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Engaging Students by Incorporating Games in the Classroom


This summer I took some time to take some Professional Development courses in my district, as well as, did some of my own research online. Many of the ideas were the same, get each of the students involved and make them accountable. In the past I believed that putting students in groups would involve them, and assigning them a "job" would do it. I definitely love having students work together in groups, but as I assessed the situation last year, I noticed that some of my students would just sit there and allow another student to do the job. I knew I had to change something, and I think I may have found my answer.



The question is not where did I find the answer, but from whom? It was from Hope King, a teacher who works at the Ron Clark Academy. I watched her on Periscope a few times and have to tell you, her enthusiasm is contagious, and her ideas are brilliant! She did a scope on a giant Jenga game. And when I say giant, I mean GIANT. She also stated how in the classroom all students should be engaged at all moments.  These two little "show and tell" ideas of hers really got my wheels turning, and as Oprah would say, I had an "AH-HA" moment! Kids naturally love to play games, well at least much more than working from a workbook. So I thought to myself I need to incorporate as many game opportunities in my classroom as possible. Then my planning began. Now, I haven't thought up an excessive amount of game opportunities (yet), but I am incorporating one suggested by Hope King, and one I came up with.

The first game I will be incorporating is a type of "Headbandz" game. Collaborative conversations are so important in class, but if they are not done correctly, they can become unproductive quickly. Therefore, on the first or second day of school, I plan to introduce the collaborative conversation rules to my students. How do I plan on doing it? Well, I'll start off by telling you that I WON'T be giving a 15 minute lecture on the rules. I WILL be introducing the rules to the students quickly and then they will be paired with a partner. I will then give the pair of students a set of cards that have a different rule written on each of them. The students will place the pile of cards face down on their desk, grab one card without looking at it, and place it in a headband facing their partner. Students will then take turns asking each other yes and no questions to try to figure out what the rule is. This will engage the students, as well as, help them remember the rules for collaborative conversations in our class.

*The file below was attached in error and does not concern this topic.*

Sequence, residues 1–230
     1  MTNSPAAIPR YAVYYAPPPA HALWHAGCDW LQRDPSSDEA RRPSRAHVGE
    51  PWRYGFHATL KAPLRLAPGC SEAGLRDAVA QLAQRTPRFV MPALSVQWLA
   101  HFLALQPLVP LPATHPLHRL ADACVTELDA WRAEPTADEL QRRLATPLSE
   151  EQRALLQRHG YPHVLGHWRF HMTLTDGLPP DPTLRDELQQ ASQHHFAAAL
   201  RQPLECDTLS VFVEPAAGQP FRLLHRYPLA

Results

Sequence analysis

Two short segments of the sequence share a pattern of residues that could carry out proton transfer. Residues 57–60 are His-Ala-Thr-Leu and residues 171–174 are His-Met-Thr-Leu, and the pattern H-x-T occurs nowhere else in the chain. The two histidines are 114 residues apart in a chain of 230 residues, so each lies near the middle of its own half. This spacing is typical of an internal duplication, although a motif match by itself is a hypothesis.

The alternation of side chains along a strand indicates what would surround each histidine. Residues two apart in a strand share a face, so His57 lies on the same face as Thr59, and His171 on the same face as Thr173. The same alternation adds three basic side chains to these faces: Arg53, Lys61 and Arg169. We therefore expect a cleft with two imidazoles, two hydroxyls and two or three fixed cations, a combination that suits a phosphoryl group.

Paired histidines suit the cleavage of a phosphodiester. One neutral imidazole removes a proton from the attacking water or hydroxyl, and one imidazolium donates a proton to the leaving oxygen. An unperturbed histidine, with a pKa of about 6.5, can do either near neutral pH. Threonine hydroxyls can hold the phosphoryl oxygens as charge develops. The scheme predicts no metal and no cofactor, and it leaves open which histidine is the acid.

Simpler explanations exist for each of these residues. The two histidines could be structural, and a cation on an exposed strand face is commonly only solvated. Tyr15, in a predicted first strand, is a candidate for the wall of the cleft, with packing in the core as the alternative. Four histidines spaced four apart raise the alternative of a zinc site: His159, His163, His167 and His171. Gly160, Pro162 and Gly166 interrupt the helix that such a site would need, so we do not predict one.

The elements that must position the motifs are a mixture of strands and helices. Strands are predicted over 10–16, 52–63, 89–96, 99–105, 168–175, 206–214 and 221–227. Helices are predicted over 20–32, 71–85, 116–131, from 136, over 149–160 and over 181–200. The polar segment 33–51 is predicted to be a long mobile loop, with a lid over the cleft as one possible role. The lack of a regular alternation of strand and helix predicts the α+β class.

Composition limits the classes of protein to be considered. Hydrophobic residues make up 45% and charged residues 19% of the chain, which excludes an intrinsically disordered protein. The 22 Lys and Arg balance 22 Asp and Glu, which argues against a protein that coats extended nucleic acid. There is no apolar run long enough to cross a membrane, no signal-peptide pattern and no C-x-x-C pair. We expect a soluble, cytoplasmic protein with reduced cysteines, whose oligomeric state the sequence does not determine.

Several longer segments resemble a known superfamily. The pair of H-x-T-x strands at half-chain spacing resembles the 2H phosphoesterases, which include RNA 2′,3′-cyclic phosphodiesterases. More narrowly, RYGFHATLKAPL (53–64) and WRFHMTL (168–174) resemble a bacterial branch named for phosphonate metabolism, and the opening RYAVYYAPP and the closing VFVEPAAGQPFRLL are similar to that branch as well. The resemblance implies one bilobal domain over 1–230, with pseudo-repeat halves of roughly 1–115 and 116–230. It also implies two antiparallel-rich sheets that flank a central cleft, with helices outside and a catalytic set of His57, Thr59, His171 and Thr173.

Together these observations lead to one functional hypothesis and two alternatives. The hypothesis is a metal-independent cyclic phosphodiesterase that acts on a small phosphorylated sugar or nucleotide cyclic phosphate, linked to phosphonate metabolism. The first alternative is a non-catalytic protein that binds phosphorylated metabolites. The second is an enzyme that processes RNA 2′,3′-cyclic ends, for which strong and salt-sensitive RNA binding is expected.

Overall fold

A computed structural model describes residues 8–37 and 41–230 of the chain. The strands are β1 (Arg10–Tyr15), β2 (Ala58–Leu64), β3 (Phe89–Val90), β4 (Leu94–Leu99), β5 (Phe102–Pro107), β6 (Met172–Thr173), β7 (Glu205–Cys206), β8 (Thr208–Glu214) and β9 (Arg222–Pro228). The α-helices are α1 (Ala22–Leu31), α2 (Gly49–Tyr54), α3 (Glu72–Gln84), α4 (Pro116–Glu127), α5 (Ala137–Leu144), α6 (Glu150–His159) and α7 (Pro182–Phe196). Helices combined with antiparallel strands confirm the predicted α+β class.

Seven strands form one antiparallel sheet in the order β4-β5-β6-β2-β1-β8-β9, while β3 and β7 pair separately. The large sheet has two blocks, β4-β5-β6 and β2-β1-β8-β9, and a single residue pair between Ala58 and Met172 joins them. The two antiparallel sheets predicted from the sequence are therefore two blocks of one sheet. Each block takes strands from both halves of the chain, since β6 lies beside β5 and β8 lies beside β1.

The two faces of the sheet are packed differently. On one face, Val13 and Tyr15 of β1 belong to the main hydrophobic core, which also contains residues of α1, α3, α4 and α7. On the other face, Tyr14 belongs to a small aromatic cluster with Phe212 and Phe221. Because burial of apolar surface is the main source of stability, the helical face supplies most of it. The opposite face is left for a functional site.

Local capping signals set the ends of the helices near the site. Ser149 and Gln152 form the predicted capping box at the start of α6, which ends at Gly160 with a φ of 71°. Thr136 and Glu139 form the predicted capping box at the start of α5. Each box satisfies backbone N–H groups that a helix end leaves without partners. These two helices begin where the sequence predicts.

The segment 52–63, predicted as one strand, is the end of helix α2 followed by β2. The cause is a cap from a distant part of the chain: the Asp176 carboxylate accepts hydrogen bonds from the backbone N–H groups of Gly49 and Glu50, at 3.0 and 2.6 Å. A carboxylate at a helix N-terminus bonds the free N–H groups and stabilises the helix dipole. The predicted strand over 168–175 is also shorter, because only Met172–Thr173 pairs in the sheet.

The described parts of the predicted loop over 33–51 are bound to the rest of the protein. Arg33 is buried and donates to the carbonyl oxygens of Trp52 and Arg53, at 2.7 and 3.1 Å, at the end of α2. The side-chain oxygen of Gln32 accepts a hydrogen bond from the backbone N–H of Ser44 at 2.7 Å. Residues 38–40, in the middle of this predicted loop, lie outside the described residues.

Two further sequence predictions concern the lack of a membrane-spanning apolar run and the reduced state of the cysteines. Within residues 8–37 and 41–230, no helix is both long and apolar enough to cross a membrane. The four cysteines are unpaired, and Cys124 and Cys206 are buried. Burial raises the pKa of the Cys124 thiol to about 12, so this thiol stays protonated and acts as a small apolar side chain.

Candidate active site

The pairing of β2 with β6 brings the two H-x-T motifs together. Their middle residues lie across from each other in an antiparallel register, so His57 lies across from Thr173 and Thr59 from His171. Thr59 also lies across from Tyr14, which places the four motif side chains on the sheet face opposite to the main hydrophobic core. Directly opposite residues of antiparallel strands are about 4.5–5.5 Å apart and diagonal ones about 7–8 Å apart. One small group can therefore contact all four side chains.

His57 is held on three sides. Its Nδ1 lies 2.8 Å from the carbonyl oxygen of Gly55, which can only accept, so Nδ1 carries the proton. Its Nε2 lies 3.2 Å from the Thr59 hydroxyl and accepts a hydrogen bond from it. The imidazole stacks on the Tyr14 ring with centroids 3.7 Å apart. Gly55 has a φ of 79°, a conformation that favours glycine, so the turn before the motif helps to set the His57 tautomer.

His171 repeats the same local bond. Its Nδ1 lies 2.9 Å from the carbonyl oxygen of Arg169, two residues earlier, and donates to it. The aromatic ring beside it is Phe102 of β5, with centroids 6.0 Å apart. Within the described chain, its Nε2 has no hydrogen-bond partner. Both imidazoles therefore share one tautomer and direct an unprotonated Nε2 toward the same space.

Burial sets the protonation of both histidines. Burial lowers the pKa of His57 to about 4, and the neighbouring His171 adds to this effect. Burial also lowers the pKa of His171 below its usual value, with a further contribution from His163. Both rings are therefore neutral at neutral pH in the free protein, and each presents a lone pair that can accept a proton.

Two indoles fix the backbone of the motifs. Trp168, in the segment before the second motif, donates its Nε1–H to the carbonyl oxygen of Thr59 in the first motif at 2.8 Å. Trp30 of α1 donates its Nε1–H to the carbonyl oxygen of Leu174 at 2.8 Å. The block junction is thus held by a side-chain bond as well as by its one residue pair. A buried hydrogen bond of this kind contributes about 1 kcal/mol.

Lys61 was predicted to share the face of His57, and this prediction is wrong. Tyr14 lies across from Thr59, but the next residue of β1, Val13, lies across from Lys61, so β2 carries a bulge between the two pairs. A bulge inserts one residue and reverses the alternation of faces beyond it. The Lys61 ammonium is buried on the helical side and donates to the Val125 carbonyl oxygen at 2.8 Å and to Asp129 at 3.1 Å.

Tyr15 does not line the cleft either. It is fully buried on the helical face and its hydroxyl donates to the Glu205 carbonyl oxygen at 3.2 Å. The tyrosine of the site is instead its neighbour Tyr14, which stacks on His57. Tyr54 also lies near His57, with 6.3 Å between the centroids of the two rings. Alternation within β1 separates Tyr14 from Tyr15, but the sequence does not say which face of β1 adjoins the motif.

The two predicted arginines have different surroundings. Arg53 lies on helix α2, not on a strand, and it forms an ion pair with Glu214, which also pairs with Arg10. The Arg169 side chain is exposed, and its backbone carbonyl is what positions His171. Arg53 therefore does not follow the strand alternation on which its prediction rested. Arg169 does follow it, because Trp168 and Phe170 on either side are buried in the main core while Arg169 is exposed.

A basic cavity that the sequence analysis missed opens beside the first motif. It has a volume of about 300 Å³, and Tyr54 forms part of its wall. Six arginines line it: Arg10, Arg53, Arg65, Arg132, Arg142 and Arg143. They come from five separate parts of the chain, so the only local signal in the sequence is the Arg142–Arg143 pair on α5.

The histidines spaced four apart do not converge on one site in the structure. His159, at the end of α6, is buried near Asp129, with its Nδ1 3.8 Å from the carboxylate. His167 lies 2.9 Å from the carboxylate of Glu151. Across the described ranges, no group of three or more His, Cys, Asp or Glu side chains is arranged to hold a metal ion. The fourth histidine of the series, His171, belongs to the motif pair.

(The headbands can be found at the Dollar Tree 6/$1. The FREE collaborative conversation rules and cards can be found HERE.)


The next game, is Tic Tac Toe. I have not connected it to a specific lesson in my class yet, but I will definitely be incorporating it quickly since it can be used in such a variety of ways. So, how do I plan to use this game in my class to help students learn? Well, first I will set up my students in pairs and give them quick response boards. (You can read more about my inexpensive, yet quite effective, quick response boards HERE.) Then, I will give my students the resource they will be working with, which will probably be task cards or index cards that have the question on one side and the answer on the other. The pair of students will BOTH need to answer each of the questions provided to them. Player 1 will then turn the card over and check the answer. If Player 1 got the answer correct, he or she will take their turn on the board by placing an X or O in the spot they choose. If they get the answer wrong, they lose their turn to mark the board. If their opponent, player 2, got the answer correct, they get to steal the turn and mark the board with an X or O on the board. It is now player 2's turn to go first on the next question. The game continues until one of the players gets three in a row. They then tally their win on the score board.  

I plan to print a set of Tic Tac Toe mats, laminate them, and have students use their dry erase markers to mark their answers. 

As you can imagine, this game could be used to review math concepts, content vocabulary, reading concepts, as well as many others. 


This Tic Tac Toe resource come in four styles and is available for FREE HERE

Hopefully this give you some new ways to engage your students in the classroom by incorporating games. Now, if you use any games with your students, or have any other ideas on how to incorporate other games in the classroom, I would SO LOVE if you would share them with me in the comments below. 

Thanks for stopping by. Happy teaching! 


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